A thornier problem is that the Catera will be built in Opel's sprawling factory in Russelsheim, then shipped to the U.S. The strong German mark--roughly 1.40 to the dollar, vs. 1.60 when the project began--means GM will make little money: Expenses must be paid in costly marks, but sales will generate weak dollars. Executives privately concede they are in a bind on exchange rates. But they say Cadillac, whose sales have plummeted 16% this year, desperately needs a model that appeals to younger buyers looking for a Euro-style luxury car. The Omega was the cheapest way to get one. It's costing GM less than $100 million, vs. perhaps $1 billion for an all-new Caddy.

Undaunted, GM's global strategy board approved a plan to make an upscale Saturn based on Opel's new Vectra model, which was just introduced in Europe at a starting price of $26,000. The sedan would compete with the Honda Accord and the Toyota Camry and would be built on a GM assembly line in Wilmington, Del.

There are hitches, though. The Vectra has steel body panels, while Saturn has plastic doors and fenders, a favorite with U.S. drivers since the flexible plastic resists minor dents and scratches. Thus a Saturnized Vectra would have to be built with plastic panels. Smith says engineers have figured out a solution. But Saturn officials have yet to prove the car can make money, in part because of a costly new Opel engine Saturn wants to use.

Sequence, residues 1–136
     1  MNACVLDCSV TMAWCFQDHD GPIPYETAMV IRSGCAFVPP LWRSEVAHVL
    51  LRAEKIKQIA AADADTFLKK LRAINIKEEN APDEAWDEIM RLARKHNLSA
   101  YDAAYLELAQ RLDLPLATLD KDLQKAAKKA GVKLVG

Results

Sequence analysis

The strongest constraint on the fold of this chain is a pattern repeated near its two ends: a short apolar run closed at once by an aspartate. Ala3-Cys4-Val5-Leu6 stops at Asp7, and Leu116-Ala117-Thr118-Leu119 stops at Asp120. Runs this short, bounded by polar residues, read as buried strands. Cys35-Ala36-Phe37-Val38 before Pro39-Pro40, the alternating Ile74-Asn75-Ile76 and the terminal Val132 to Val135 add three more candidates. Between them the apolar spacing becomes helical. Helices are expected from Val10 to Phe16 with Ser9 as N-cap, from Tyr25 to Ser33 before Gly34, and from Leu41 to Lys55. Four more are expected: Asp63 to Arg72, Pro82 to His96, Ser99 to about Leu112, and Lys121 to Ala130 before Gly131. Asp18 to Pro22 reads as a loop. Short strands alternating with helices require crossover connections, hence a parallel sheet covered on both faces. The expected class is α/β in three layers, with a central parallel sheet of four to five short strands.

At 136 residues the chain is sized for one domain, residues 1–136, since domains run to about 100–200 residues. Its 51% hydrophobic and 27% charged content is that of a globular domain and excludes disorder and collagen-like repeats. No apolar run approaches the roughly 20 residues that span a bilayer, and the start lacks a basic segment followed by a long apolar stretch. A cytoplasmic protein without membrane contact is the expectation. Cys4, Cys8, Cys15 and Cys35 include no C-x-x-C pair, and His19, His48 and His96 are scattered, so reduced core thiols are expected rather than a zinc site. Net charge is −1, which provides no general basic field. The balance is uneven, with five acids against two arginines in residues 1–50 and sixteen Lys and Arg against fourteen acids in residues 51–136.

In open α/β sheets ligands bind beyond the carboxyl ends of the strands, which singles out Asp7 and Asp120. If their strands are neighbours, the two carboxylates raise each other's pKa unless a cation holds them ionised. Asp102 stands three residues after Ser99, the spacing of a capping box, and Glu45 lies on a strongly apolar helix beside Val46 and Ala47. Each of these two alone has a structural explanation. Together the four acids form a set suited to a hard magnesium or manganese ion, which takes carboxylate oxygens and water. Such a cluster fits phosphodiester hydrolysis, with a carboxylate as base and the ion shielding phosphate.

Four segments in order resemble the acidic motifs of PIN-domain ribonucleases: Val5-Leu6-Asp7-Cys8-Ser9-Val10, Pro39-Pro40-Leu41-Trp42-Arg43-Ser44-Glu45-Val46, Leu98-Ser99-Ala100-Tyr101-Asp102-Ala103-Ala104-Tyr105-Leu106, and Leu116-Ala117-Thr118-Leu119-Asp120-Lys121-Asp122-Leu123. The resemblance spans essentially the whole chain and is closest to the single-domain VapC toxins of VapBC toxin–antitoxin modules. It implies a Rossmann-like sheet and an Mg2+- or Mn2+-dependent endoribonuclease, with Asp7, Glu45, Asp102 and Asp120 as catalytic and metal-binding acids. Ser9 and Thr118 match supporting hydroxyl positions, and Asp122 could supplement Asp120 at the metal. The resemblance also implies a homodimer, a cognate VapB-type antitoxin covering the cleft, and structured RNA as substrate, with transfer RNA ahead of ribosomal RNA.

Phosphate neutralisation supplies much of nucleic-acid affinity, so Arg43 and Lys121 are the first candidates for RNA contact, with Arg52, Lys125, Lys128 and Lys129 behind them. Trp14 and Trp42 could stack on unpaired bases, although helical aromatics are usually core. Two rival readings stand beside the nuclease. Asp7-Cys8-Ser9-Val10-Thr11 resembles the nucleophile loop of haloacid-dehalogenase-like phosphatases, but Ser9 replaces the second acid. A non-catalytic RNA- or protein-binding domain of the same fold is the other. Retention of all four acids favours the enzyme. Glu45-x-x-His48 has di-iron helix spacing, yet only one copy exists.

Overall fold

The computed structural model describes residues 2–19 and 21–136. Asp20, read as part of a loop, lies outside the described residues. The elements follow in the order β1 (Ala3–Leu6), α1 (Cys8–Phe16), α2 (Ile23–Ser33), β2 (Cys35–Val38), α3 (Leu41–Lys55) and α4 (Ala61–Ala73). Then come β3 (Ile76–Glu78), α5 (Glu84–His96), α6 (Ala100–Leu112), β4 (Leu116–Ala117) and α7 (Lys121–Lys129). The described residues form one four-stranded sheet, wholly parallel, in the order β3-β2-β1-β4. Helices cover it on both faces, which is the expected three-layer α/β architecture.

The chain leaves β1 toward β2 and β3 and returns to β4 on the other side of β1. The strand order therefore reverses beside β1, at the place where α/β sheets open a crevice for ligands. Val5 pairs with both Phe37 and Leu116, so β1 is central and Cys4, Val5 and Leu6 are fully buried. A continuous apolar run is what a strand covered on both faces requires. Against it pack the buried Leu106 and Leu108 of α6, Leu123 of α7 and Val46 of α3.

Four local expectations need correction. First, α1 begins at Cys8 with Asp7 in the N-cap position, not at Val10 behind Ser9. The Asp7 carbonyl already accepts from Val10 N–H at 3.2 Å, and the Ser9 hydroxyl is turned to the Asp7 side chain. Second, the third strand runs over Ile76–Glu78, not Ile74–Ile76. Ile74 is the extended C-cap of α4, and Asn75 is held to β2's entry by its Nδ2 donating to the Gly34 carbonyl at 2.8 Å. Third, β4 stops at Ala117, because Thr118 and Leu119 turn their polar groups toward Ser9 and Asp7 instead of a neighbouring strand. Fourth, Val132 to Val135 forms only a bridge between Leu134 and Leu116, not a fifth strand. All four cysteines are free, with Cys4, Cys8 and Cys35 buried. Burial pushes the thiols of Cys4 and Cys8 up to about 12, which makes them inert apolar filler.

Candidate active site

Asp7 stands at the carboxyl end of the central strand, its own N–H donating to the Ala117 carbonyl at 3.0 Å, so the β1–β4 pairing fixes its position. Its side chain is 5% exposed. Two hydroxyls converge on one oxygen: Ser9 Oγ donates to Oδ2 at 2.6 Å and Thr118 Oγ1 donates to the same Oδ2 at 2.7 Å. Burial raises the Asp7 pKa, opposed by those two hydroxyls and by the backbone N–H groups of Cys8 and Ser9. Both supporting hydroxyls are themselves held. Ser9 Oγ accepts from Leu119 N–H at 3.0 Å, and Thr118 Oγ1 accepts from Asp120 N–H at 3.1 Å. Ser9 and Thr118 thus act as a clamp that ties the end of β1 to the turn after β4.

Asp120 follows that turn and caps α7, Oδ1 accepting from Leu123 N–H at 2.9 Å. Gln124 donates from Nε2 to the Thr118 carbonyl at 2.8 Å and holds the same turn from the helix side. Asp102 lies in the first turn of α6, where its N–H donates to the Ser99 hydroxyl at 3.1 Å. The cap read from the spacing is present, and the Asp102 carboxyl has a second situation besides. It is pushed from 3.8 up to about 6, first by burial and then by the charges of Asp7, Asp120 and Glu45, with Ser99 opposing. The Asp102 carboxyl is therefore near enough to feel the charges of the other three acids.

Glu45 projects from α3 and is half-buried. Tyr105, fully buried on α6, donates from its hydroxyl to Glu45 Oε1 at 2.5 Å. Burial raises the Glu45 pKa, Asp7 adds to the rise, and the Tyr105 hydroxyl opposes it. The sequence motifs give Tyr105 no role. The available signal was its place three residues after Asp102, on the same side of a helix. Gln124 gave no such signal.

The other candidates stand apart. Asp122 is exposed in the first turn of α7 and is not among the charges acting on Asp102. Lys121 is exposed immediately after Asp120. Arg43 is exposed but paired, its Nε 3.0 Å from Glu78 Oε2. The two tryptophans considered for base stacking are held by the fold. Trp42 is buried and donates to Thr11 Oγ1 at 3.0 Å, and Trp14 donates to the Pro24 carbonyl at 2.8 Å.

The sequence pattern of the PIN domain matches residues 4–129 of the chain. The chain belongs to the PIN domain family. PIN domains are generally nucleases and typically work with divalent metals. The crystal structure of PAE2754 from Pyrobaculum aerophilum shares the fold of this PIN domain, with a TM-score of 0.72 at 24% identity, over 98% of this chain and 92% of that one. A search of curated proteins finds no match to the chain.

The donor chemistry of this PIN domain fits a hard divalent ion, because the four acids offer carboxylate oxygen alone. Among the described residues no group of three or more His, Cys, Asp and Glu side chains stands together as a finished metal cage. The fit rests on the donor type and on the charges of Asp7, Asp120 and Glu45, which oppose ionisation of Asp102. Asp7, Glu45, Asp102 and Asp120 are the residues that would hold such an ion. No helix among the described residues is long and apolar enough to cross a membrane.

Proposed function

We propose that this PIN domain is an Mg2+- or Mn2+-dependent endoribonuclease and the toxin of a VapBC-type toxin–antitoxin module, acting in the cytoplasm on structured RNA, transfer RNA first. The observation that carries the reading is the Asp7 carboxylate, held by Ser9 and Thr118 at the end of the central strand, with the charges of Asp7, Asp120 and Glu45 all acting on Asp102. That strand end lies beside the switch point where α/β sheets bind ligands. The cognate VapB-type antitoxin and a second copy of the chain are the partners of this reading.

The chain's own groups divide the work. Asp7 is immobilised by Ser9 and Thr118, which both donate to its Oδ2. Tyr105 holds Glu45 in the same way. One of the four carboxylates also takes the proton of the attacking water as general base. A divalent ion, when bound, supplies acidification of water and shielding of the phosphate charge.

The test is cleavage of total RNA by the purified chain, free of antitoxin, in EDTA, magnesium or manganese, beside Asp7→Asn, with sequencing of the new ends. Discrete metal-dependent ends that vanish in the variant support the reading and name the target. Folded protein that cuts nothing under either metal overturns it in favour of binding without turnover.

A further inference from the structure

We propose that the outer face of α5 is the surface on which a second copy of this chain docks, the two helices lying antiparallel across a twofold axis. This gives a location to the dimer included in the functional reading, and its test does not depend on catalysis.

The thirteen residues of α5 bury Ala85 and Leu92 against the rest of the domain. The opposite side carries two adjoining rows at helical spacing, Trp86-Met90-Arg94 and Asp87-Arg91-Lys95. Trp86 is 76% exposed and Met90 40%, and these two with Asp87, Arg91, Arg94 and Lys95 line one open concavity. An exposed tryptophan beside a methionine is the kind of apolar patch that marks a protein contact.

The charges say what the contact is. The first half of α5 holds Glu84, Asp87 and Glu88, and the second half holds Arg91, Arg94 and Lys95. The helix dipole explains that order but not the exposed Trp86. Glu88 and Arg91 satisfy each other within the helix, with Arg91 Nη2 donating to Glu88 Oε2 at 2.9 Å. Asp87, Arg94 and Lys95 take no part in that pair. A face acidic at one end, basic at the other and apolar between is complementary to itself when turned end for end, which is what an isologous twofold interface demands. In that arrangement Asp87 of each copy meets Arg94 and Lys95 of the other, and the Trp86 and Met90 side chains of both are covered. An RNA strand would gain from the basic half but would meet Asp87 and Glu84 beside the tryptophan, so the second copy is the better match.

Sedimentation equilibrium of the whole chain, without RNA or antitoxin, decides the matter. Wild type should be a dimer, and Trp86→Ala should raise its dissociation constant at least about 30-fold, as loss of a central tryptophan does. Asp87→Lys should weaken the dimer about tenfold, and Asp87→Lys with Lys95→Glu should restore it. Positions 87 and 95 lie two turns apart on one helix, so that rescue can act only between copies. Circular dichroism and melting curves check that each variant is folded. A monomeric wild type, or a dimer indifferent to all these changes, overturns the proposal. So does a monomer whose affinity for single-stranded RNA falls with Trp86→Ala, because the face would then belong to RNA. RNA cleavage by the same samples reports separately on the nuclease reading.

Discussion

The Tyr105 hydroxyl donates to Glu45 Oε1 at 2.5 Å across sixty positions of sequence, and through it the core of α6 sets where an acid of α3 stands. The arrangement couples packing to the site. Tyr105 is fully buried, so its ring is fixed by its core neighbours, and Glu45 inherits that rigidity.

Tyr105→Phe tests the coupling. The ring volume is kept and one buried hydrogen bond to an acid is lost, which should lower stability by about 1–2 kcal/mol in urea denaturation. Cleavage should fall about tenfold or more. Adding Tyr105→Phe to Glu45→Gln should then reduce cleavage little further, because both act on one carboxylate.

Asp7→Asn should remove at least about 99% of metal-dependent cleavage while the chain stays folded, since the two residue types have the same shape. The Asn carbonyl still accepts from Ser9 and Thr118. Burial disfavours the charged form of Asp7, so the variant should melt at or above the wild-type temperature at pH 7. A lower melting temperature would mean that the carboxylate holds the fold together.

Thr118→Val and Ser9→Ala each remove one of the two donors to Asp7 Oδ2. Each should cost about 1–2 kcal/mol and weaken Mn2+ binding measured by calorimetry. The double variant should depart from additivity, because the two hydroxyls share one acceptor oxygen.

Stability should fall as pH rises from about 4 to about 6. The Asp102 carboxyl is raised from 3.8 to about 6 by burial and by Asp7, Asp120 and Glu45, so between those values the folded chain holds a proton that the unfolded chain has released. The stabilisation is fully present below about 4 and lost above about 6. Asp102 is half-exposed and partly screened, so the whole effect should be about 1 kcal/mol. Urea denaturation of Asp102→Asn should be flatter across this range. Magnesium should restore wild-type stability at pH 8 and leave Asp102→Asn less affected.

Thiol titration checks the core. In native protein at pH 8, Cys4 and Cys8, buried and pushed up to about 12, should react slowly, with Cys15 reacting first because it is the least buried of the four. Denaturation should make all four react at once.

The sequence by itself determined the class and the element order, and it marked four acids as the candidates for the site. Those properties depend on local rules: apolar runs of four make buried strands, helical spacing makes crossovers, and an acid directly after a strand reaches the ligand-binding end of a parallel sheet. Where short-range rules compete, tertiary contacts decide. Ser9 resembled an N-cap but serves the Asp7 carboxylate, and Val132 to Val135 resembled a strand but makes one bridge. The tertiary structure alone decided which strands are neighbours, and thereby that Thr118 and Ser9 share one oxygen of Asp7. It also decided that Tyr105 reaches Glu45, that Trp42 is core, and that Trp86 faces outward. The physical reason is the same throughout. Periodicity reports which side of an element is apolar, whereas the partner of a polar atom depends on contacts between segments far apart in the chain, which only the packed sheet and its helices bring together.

Hanenberger still wants Opel engineers to team up with other company technicians to develop a world car with a four-cylinder engine. Opel has the most experience of any GM unit in designing such fuel-efficient cars, which account for half the world's auto sales. Opel also knows how to produce the firm, road-hugging European ride that carmakers around the globe are trying to emulate. In addition, Opel has spearheaded GM's push into Asia and Latin America.

COMPROMISES. Opel won't always take the lead. GM's American engineers will head up most truck and minivan projects, such as the new front-drive minivan due out in both the U.S. and Europe in 1997. Rivals and analysts say the van will be narrower than the model it replaces--the better to fit European roads. The possible drawback: American consumers won't find it roomy enough. "It's just right on the European side, but a tad small in the U.S.," says a top executive at an American competitor.

That sort of compromise has tripped up world-car efforts before. For example, Honda Motor Co.'s redesigned 1990 Accord was a hit in the U.S. but a flop in Japan, where it was considered too big. Similarly, Ford's Mondeo family sedan, introduced in 1993, has sold well in Europe but stalled in the U.S., where it is sold as the Ford Contour and Mercury Mystique. American consumers find the backseat too skimpy and the $16,000 average price tag too hefty.

Hanenberger thinks GM can succeed where other carmakers have failed. Success is crucial for GM. Company executives still must cut billions in costs if they want to revive the sputtering North American operation and free up scarce capital for a drive into Asia. And they must keep coming up with fresh design ideas for all of GM's brands. The talent is there, on both sides of the Atlantic. Turning that talent into profitable enterprise will take lots of patient tinkering.By David Woodruff in Russelsheim, Germany